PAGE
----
The Jewish Link also spoke with Lt. Chris Guenther, the public information officer from the Linden Police Department, around the first anniversary of the attacks. Guenther noted that Officer Angel Padilla had been struck in the front of his bullet-proof vest, and Investigator Peter Hammer was shot in the face. Investigator Mark Kahana and Officer David Guzman were also involved in the shootout. All officers received debriefing and counseling, but at the time of the interview, Padilla and Kahana had not yet returned to work. The officers were recognized by the National Association of Police with awards presented in May in Washington, DC, and received the Valor Award by the Union County 200 Club, a local police support organization.

Last year when The Jewish Link spoke with Steve Karp, executive director of the JEC in Elizabeth, he described the urgent and immediate security responses to the local bombing. He also outlined definitive plans for projected upgrades of security equipment, policies and personnel at all JEC facilities.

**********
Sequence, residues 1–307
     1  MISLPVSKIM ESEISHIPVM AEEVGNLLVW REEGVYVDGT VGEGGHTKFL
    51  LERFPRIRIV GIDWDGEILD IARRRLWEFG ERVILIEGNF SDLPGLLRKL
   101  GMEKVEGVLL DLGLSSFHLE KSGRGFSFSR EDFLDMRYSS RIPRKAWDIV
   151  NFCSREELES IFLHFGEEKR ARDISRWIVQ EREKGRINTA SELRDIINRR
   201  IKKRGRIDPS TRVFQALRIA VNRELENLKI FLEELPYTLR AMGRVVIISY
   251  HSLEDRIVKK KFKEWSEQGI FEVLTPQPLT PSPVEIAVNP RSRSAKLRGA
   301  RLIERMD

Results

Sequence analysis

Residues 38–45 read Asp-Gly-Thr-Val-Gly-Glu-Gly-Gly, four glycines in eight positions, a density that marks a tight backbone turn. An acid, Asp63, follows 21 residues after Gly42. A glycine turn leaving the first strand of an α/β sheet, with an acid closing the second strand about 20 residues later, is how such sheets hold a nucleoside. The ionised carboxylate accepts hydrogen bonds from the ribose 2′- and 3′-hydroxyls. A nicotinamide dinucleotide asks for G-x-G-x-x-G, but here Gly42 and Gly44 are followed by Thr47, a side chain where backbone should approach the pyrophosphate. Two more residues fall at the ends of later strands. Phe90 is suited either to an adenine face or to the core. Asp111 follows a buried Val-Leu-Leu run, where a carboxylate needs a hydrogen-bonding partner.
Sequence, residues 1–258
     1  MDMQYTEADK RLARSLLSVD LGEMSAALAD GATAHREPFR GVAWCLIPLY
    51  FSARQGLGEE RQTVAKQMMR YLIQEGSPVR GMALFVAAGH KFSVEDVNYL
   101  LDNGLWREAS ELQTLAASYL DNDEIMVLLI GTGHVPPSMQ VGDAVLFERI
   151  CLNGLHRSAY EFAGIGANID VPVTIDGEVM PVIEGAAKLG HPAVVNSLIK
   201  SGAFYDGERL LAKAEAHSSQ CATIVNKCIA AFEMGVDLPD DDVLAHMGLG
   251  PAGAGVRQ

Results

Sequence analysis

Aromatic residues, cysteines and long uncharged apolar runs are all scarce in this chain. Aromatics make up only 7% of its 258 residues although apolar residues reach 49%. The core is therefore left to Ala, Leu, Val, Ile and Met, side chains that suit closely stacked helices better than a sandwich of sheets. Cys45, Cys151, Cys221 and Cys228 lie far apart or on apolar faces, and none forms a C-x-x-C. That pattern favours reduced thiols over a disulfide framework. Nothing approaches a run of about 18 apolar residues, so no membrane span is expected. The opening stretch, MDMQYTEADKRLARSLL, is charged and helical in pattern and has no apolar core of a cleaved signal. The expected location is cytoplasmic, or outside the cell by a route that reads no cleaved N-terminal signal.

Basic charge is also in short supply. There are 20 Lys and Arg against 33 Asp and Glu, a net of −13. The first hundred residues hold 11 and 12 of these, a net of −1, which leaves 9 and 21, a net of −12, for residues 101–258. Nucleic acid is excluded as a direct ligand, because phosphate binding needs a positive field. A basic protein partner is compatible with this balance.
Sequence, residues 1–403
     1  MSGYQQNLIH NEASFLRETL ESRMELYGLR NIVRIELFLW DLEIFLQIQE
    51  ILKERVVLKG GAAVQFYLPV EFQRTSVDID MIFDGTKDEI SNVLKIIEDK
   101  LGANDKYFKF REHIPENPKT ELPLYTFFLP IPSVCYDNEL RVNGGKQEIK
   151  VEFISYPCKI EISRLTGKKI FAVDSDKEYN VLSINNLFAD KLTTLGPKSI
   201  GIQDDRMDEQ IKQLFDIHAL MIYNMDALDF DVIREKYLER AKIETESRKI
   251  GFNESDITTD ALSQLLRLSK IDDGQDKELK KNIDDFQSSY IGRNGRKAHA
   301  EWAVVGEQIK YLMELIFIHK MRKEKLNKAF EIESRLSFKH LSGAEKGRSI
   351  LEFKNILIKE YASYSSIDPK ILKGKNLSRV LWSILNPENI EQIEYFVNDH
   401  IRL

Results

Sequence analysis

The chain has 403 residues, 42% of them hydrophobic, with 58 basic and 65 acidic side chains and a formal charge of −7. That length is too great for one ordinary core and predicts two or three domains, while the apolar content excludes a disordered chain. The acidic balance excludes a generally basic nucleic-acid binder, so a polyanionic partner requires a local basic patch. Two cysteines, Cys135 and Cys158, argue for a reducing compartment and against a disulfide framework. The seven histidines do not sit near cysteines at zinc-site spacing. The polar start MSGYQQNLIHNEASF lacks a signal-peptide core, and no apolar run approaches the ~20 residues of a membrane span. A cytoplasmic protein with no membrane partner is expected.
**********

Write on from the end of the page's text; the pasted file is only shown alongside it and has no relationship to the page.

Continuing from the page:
Karp reflected recently on the sequence of events last year, and elaborated on the upgrades implemented since then. “Things come to light to make us change our priorities,” said Karp. The JEC re-allocated funds to address the security priorities, and has made numerous modifications as a result of the proximity of these bombing incidents. Most obvious is the tall white fencing that now surrounds the entire front face of the JEC Lower School and RTMA building on Elmora Avenue. In addition, there are enhanced video surveillance cameras around the perimeter that provide protection both near the buildings and in a wide arc around them. Karp was proud to note that the JEC security system has even assisted the Elizabeth Police department in identifying offenders both in driving and accident incidents, as well as home invasions in the adjacent residential areas, because the cameras are “that good.”